My first hearing of Ydinperhe was up next. I would describe them as radical hardcore from the streets, U.S.-style, but someone more acquainted with this brand of punk might disagree. Either way, what first bothered me how the male vocalist kept repeating how unrehearsed shape the band is was at the moment and how he lost his voice after a couple of songs, and despite the "lost voice" he kept on chattering and shout-singing well through the gig. It all sounded like excuses which wouldn't have been needed since the whole band played really well, and the vocalist had a good voice. He kept on moving constantly and got the front audience to join him, and the aggressive female backing vocals were a great add too. A good band, although not really my thing.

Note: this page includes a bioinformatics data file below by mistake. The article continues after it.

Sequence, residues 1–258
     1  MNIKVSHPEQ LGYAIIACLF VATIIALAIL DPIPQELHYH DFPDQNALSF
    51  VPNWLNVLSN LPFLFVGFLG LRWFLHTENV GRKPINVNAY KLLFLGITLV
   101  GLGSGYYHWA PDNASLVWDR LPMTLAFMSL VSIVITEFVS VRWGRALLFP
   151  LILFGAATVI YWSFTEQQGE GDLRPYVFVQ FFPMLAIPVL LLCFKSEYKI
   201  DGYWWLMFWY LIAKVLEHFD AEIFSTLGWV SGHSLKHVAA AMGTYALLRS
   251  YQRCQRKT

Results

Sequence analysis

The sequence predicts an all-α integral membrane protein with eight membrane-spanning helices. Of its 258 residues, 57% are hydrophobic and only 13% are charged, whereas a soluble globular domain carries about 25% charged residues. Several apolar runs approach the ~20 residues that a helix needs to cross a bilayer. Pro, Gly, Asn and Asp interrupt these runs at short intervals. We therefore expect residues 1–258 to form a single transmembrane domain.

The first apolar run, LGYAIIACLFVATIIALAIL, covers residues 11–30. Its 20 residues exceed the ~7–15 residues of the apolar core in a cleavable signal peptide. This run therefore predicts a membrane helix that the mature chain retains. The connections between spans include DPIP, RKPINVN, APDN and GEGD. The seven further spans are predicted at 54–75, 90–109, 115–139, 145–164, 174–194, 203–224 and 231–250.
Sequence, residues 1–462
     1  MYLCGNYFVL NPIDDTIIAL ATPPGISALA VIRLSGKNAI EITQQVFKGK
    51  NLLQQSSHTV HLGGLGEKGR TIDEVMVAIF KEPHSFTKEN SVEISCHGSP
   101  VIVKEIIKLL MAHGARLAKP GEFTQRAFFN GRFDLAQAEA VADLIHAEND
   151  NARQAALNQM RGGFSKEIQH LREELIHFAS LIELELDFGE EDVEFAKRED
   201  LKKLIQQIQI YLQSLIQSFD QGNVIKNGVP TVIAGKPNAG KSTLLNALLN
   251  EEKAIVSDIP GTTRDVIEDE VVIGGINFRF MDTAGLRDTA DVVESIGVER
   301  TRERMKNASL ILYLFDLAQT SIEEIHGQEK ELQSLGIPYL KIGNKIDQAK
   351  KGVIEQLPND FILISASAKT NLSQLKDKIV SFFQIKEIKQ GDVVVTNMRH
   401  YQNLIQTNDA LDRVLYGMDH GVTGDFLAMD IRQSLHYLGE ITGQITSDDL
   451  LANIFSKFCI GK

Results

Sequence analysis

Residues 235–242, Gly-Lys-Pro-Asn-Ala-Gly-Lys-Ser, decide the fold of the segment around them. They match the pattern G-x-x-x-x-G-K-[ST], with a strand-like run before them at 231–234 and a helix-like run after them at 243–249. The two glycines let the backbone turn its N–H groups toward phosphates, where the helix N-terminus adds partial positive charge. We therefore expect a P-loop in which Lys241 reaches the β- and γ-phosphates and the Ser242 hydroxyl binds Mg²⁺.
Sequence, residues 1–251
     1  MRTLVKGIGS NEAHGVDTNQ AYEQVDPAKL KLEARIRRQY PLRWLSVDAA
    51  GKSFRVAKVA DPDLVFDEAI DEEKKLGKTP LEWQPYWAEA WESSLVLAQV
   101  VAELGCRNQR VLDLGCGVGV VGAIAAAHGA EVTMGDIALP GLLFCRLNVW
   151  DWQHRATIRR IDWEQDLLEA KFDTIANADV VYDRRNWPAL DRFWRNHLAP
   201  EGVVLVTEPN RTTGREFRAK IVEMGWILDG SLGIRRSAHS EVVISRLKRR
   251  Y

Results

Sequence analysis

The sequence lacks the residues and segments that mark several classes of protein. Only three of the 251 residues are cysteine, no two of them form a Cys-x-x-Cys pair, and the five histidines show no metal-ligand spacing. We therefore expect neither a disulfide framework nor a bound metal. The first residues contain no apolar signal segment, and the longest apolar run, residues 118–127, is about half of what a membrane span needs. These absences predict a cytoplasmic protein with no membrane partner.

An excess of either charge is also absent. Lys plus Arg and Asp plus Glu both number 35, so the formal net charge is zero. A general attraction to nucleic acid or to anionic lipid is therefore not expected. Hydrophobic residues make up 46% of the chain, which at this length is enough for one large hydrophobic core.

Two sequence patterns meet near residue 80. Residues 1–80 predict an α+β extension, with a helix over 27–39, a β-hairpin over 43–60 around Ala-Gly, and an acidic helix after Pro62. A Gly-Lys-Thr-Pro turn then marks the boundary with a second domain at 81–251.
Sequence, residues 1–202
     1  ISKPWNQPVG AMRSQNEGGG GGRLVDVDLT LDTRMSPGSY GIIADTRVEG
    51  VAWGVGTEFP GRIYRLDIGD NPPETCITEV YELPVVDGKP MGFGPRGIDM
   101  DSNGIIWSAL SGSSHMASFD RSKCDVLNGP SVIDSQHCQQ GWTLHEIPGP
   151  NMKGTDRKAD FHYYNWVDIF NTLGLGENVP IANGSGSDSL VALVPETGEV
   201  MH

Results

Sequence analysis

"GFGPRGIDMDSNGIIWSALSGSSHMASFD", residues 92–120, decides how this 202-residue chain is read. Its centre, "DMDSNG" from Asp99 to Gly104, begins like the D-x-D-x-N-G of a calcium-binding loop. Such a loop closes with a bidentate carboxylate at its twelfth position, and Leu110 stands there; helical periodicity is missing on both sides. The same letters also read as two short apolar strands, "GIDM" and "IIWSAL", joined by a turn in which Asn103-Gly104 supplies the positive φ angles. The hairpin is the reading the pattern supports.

Seksihullut opened with the slow and kinda gloomy song "Nimees Googletan," but it wasn't long until they unleashed their brand of fleshy and raw punk/punkrock. Red lights and the indoor heat accompanied the raw sounds and emotions perfectly. The vocalist Sirpa and her piercing voice really took the songs to a whole new level, as happens on the albums as well. Simply great stuff, even if the gig wasn't quite up to my (too) high expectations. When's the time for a new release? Hopefully soon!

This falls off topic, but the band had a different drummer than when I saw them previously. I think it was Max from Baxter Stockman, but I might be wrong. I would've preferred the band to have a drummer with a more "wobbly" style of playing instead of this gig's precise and sharp drumming, but meh. It ain't his fault I think he plays too well, heh.